Authors: Ned Vizzini
Tags: #Juvenile Fiction, #Media Tie-In, #Humorous Stories, #Social Issues, #Self-Esteem & Self-Reliance, #Suicide, #b_mobi
To my mom
You knew you’d get one sooner or later, and seeing as they’re so hard to do, I figured we’d better make it sooner. I love you.
If you purchased this book without a cover, you should be aware that this book is stolen property. It was reported as “unsold and destroyed” to the publisher, and neither the author nor the publisher has received any payment for this “stripped” book.
This book is a work of fiction. Names, characters, places, and incidents are either the product of the author’s imagination or are used fictitiously. Any resemblance to actual events or locales or persons, living or dead, is coincidental.
Text copyright © 2006 by Ned Vizzini
All rights reserved. No part of this book may be reproduced or transmitted in any form or by any means, electronic or mechanical, including photocopying, recording, or by any information storage and retrieval system, without written permission from the publisher. For information address Hyperion Books for Children, 114 Fifth Avenue, New York, New York 10011-5690.
Printed in the United States of America
First Hyperion Paperbacks edition with film art, 2010
1 3 5 7 9 10 8 6 4 2
Library of Congress Cataloging-in-Publication data on file.
eISBN 13: 978-1-4231-4108-2
ISBN 10: 0-7868-5197-X
Table of Contents
It’s so hard to
when you want to kill yourself. That’s above and beyond everything else, and it’s not a mental complaint—it’s a physical thing, like it’s physically hard to open your mouth and make the words come out. They don’t come out smooth and in conjunction with your brain the way normal people’s words do; they come out in chunks as if from a crushed-ice dispenser; you stumble on them as they gather behind your lower lip. So you just keep quiet.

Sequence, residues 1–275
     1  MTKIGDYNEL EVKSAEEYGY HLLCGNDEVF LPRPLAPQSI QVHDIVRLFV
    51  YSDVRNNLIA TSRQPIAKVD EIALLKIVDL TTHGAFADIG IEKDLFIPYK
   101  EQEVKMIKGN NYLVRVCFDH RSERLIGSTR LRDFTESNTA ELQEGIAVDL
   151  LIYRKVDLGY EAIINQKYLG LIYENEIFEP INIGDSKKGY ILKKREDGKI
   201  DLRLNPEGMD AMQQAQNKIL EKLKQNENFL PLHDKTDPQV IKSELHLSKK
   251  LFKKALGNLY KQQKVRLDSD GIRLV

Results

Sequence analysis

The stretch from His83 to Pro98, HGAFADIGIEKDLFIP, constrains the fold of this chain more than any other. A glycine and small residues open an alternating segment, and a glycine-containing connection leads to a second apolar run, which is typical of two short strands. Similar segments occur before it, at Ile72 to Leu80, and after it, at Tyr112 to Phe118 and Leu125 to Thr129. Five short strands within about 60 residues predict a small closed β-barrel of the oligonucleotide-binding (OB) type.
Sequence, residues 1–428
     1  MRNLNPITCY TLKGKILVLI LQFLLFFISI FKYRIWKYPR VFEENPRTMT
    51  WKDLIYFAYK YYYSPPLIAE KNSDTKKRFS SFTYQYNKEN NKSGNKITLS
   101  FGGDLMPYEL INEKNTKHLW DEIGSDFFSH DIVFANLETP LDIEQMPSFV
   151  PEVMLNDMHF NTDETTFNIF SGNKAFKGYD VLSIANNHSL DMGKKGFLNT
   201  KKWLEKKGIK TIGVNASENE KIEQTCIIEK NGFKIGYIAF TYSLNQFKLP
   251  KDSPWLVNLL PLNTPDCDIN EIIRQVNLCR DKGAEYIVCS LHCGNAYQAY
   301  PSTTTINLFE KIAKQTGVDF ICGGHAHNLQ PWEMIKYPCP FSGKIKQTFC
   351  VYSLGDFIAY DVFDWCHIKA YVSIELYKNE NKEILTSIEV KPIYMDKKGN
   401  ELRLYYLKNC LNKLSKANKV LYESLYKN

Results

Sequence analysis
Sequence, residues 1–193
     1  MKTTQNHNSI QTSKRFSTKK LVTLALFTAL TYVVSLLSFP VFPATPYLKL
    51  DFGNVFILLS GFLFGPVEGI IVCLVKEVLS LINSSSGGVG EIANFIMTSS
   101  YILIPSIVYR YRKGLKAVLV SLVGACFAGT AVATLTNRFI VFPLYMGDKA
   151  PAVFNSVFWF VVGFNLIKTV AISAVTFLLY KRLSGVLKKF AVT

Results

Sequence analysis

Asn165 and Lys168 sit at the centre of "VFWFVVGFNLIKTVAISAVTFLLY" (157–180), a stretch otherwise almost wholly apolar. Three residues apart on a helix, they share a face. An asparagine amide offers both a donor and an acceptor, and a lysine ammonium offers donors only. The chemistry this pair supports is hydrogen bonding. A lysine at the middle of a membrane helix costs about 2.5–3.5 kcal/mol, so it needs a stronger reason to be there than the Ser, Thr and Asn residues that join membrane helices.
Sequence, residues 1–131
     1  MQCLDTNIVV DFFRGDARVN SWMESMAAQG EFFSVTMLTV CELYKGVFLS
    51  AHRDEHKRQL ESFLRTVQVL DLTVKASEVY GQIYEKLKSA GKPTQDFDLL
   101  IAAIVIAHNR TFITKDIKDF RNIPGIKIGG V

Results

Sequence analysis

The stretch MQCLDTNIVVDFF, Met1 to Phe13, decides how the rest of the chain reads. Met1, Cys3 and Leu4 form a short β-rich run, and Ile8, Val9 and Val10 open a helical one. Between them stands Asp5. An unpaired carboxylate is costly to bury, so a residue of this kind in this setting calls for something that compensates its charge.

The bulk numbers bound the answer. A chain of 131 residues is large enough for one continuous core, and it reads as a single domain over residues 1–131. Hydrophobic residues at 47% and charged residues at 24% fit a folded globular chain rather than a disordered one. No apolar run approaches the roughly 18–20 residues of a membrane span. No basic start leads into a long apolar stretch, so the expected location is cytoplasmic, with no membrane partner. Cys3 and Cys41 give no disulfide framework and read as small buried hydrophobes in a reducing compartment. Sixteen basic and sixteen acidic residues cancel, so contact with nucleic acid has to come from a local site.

“Have you ever noticed how on all the ads on TV, people are
TV?” my friend is like.
“Pass it, son,” my other friend is like.
“No, yo, that’s true,” my other other friend is like. “There’s always somebody on a couch, unless it’s an allergy ad and they’re in a field—”
“Or on a horse on the beach.”
“Those ads are always for herpes.”
“How do you even tell someone you have that?” That’s Aaron. It’s his house. “That must be such a weird conversation: ‘Hey, before we do this, you should know …’”
“Your moms didn’t mind last night.”
Aaron lobs a punch at Ronny, the antagonist. Ronny is small and wears jewelry; he once told me, Craig,
when a man puts on his first piece of jewelry, there’s no turning back.
He punches back with his hand with the big limp gold bracelet on it; it hits Aaron’s watch, clanging.
“Son, what you tryin’to do with my gold, yo?” Ronny shakes his wrist and turns his attention to the pot.
There’s always pot at Aaron’s house; he has a room with an entirely separate ventilation system and lockable door that his parents could rent out as another apartment. Resin streaks outline his light switch, and his bedsheet is pockmarked with black circles. There are stains on there, too, shimmery stains which indicate certain activities that take place between Aaron and his girlfriend. I look at them (the stains, then the couple). I’m jealous. But then again, I’m beyond jealous.
“Craig? You want?”
It’s passed to me, wrapped up in a concise delivery system, but I pass it on. I’m doing an experiment with my brain. I’m seeing if maybe pot is the problem; maybe that’s what has come in and robbed me. I do this every so often, for a few weeks, and then I smoke a
of pot, just to test if maybe the
of it is what has robbed me.
“You all right, man?”
This should be my name. I could be like a superhero: You All Right Man.
“Ah…” I stumble.